Acer RT280K 28" 4K Ultra HD LED Monitor  £224.99  Ebuyer
220°Expired

Acer RT280K 28" 4K Ultra HD LED Monitor £224.99 Ebuyer

£224.99Ebuyer Deals
13
Found 29th Jul 2017
3840 x 2160 UHD
1ms Response Time
DVI, HDMI & DisplayPort
60Hz Refresh Rate
300cd/m2 Brightness
Community Updates
13 Comments
The day would not be complete without an Acer monitor from Ebuyer. This looks like quite a good deal too ..
It's nice to see the HiDPI/Retina screens coming down in price, now if only they'd release them for other resolutions too.
I'm using one of these right now and it's a steal at this price.
[quote=EndlessWaves]It's nice to see the HiDPI/Retina screens coming down in price, now if only they'd release them for other resolutions too.[/quote]
'retina' {pukes}
HOT! £3.50 TCB too haha
EndlessWaves

It's nice to see the HiDPI/Retina screens coming down in price, now if … It's nice to see the HiDPI/Retina screens coming down in price, now if only they'd release them for other resolutions too.



"rentina screens" what the .. - its not even a pixel standard - just beyond x dpi .. either use the x & y pixel counts, vertical pixel count or its proper name. I'm not being horrible but retina is not a standard - its marketing blurb
this is a tn panel so just incase,

actual specs
acer.com/ac/…001
OOS
Out of stock. Please expire deal.
taras

"rentina screens" what the .. - its not even a pixel standard - just … "rentina screens" what the .. - its not even a pixel standard - just beyond x dpi .. either use the x & y pixel counts, vertical pixel count or its proper name. I'm not being horrible but retina is not a standard - its marketing blurb



Retina is a standard - one that Apple came up with. It's a calculation based on screen size, pixel count, arc length of normal human vision, and assumed distance away from the screen where it's assumed that individual pixels can no longer be distinguished. Whether these assumptions are correct is up for debate, but I don't see the issue with using it as a general term for a modern sharp display. It's not the end of the world if he uses that term on an unscientific forum for deals, unless we're just being snobby or anti-Apple.
taras

"rentina screens" what the .. - its not even a pixel standard - just … "rentina screens" what the .. - its not even a pixel standard - just beyond x dpi .. either use the x & y pixel counts, vertical pixel count or its proper name. I'm not being horrible but retina is not a standard - its marketing blurb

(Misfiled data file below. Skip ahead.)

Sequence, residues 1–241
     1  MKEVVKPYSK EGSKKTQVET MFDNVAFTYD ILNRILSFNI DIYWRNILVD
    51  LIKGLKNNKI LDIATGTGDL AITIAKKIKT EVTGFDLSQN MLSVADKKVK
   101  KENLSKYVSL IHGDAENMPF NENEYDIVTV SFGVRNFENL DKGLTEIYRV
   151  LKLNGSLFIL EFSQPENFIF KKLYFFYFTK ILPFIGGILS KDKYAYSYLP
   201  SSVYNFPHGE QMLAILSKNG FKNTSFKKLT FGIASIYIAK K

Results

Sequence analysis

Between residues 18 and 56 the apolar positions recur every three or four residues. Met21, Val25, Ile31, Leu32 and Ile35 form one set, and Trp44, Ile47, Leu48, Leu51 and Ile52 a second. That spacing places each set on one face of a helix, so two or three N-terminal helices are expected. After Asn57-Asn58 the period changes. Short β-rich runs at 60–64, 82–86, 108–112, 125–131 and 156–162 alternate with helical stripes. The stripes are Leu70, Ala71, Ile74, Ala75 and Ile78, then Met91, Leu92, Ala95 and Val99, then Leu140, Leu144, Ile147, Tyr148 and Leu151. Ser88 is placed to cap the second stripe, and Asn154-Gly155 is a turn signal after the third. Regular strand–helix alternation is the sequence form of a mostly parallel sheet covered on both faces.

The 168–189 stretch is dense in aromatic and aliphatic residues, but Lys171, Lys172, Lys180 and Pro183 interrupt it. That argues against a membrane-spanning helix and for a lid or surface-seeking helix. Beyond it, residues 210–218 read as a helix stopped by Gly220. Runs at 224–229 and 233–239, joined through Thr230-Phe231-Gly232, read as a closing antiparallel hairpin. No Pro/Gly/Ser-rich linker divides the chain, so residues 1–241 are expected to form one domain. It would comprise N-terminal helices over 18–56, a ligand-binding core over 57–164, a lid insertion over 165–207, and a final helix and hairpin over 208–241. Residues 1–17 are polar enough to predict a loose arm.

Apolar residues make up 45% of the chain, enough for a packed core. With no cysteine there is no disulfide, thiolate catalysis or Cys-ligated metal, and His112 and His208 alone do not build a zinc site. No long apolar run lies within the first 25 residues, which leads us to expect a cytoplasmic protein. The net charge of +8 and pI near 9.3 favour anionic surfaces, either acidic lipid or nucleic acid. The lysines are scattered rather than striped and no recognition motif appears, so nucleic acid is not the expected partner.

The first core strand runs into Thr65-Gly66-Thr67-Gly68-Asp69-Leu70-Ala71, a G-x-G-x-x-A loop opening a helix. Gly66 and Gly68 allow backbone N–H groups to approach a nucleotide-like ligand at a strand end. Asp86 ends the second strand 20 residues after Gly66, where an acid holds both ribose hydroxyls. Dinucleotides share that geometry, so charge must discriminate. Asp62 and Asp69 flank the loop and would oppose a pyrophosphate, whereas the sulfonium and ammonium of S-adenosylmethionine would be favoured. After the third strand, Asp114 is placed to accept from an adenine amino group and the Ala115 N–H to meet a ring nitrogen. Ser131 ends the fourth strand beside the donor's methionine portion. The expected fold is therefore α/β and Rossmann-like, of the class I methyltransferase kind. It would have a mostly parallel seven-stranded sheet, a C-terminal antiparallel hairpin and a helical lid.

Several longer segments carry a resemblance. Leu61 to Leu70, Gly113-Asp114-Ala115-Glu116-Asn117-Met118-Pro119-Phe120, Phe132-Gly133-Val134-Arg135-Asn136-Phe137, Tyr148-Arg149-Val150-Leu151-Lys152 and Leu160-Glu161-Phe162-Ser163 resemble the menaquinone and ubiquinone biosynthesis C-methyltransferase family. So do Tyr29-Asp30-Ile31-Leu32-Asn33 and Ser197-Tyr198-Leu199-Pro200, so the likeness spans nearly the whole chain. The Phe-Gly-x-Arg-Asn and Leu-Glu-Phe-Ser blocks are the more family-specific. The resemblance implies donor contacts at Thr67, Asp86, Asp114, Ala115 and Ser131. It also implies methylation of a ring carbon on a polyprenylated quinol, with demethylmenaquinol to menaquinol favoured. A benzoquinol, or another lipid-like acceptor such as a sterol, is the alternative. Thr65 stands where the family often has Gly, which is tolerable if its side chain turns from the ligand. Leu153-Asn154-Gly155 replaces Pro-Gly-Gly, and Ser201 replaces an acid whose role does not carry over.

Actually in computer terms it's a major shift in technology.

Traditionally stuff in computers is sized in pixels and displayed 1:1 as that resulted in optimum image quality. So if you had something 200 units wide it would get physically smaller as your DPI increased. If your DPI got too high for your viewing distance it would be unusable.

In recent years it's become useful to separate physical size and pixels so that a 200 unit wide item could use 200 pixels. Or it could use 400 pixels and, if it's able to, add extra detail.

Newer operating systems like Android were designed this way from the start, but existing operating systems like Mac OS and Windows have been transitioning for the last decade.

In the older/normal style more pixels are always found on larger screens. Everything on screen looks identical but you can fit more of it on. That's exactly what you get if you buy a 2560x1440 screen at 27" or a 4K screen at 40"+, text and programs that individually look identical to a 1920x1080 21.5" screen, just much more of it on screen at once.

(Obviously there are thing like videos and games that have always shown the same picture regardless of size, but they're exceptions).

But this 3840x2160 screen at just 28" is completely different. If you tried to use it normally then many things would be unusably tiny. People will typically use it at either 1.5x sizing/scaling or 2x, giving similar on-screen space to a 2560x1440 or 1920x1080 screen respectively.